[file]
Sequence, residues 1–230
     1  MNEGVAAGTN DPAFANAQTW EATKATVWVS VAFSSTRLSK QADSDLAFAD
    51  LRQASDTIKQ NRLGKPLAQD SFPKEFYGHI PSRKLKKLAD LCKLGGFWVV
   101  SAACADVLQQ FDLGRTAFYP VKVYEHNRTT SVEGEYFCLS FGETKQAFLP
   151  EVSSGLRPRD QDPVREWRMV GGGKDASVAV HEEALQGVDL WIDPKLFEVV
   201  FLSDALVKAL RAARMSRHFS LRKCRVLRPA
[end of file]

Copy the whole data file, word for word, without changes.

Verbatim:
Sequence, residues 1–230
     1  MNEGVAAGTN DPAFANAQTW EATKATVWVS VAFSSTRLSK QADSDLAFAD
    51  LRQASDTIKQ NRLGKPLAQD SFPKEFYGHI PSRKLKKLAD LCKLGGFWVV
   101  SAACADVLQQ FDLGRTAFYP VKVYEHNRTT SVEGEYFCLS FGETKQAFLP
   151  EVSSGLRPRD QDPVREWRMV GGGKDASVAV HEEALQGVDL WIDPKLFEVV
   201  FLSDALVKAL RAARMSRHFS LRKCRVLRPA